It was funny as is and later that night I always have comment cards on the tables for people to fill out if they have any opinions on the show one way or another and one of the folks that had filled one out had said, “Every time I drink decaf coffee from here on in I’m going to remember this night.” And I’m like, I have to good laugh out of that. I’m like as long as I’m making an impact.
Tim Mullooly: Something to remember us by.
Mollie Sperduto: Yeah.
Tim Mullooly: Before you were saying how people were telling you that you should have a fallback if you want to be a comedian full-time. What would you say to an aspiring comedian who is just getting started in comedy today?
Mollie Sperduto: I would tell them to follow their dream and also to keep their mind open. Follow your dream because the only way that you’re ever going to succeed in comedy is to keep doing it. If you’re too scared or if you find any other reasons to back out of it then you’re guaranteed to not make it.
But also I would say to keep an open mind because I feel like the culture of comedy has been shifting especially as the digital age has been taking place where if you go back to the 90s a lot of the hierarchy was you started working at the clubs, you got your name known then you started to get the MC spots then you started to work your way up.
And you climbed up similar to a corporate ladder almost, you’d climb up that way.
It has become less of a ladder and more of just a crazy flowchart where people are making their own way by using social media, making their own followers and making their own name for themselves without having to rely on a gatekeeper. There is the show with the William Shatner, Bleep My Dad Says where that started from someone’s Twitter account.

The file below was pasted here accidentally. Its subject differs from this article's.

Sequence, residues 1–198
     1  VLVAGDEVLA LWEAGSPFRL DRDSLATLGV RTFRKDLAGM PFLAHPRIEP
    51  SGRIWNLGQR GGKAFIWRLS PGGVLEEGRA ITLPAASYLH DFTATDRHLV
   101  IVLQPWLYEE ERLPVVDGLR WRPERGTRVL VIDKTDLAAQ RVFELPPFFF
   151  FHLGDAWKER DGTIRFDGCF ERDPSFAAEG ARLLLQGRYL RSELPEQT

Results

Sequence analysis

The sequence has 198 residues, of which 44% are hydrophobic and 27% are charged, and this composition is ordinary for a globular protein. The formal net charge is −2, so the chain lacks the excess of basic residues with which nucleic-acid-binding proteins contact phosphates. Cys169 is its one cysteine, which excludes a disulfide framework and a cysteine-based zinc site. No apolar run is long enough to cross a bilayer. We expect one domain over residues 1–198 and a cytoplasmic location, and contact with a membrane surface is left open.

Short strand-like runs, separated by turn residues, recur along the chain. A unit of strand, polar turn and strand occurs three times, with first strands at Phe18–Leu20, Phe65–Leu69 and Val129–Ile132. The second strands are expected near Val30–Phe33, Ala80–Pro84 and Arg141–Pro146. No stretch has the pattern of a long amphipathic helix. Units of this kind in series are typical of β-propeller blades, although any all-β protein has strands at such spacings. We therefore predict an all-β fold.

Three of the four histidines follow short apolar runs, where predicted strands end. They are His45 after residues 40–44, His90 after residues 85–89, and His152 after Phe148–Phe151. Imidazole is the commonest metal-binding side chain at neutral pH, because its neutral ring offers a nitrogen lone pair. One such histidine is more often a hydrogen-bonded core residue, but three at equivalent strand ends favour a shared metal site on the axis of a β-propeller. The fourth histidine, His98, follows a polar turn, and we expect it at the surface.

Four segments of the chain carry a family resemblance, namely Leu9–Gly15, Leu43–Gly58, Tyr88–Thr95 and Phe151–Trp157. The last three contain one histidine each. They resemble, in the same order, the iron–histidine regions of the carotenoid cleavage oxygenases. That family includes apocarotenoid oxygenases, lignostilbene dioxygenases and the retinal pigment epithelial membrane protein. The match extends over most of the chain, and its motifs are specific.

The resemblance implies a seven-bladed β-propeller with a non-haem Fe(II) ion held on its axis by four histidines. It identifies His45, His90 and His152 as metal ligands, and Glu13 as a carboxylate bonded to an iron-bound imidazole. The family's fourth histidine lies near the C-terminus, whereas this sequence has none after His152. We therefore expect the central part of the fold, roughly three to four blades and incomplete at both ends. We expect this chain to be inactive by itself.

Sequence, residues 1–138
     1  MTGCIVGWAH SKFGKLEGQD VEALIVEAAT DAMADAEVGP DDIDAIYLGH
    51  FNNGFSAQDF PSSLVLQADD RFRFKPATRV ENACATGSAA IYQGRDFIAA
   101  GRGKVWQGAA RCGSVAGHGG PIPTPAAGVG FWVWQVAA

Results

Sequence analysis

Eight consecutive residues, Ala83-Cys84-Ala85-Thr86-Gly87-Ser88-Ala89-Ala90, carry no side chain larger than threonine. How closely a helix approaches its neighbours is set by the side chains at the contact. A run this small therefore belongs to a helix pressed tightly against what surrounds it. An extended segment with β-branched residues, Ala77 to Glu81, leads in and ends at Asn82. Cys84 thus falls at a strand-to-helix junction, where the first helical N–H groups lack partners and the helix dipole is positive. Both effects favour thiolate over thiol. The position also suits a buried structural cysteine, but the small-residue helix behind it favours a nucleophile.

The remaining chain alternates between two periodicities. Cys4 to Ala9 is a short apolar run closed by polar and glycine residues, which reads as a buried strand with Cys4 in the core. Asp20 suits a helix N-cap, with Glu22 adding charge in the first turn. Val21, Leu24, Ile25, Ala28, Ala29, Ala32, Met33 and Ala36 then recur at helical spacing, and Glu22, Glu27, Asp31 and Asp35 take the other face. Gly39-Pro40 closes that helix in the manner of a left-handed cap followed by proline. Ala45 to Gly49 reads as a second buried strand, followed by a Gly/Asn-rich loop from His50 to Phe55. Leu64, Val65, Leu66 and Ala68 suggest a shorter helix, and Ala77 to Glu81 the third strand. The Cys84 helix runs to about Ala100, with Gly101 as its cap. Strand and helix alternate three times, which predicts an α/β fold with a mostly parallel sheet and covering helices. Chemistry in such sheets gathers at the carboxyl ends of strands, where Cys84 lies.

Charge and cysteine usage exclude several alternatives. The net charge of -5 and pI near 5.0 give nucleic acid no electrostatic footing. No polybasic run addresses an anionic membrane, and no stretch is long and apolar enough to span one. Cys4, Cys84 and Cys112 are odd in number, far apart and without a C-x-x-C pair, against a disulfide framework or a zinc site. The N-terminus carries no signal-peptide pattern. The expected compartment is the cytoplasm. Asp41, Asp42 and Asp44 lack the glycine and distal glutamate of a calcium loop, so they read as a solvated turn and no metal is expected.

Tim Mullooly: I didn’t know that.
Mollie Sperduto: Oh you should probably follow it. It literally is just, I don’t even know if it’s, I haven’t looked at it in years but it was literally just quotes from his dad and they were always so funny.
Tim Mullooly: That’s awesome.
Mollie Sperduto: I’m pretty sure he had a connection or two to begin with but someone had reached out to him and they worked out a TV deal. All from a Twitter account that was entertaining. There’s thousands of ways to be able to make it in the business now.
Tim Mullooly: Yeah, I feel like probably through things like YouTube and like you said, Twitter, you can really just get your name out there without having to actually go to these clubs and perform. So it’s definitely I feel like shifting the way that you can get exposed.
Mollie Sperduto: Yeah. To see all the changes that have happened in the last 10, 15, 20 years also just is telling in that you don’t know what direction, there’s no telling what direction’s going to go in next. That’s why keep an open mind. See what’s happening. And also just follow along. Try to read articles and keep yourself informed on what’s going on with the business so that you can see what feasible, what’s not feasible and maybe find a way or get inspired to carve your own way.
Tim Mullooly: Right. Be able to adapt and survive with the changes that come to the industry.
Mollie Sperduto: Exactly.
Tim Mullooly: Now you said that you were, nerves weren’t really an issue for you but I feel like for, if you put me on stage to do standup comedy, I would clam right up. Do you have any tips or habits that you do that if you do get nervous to calm your nerves?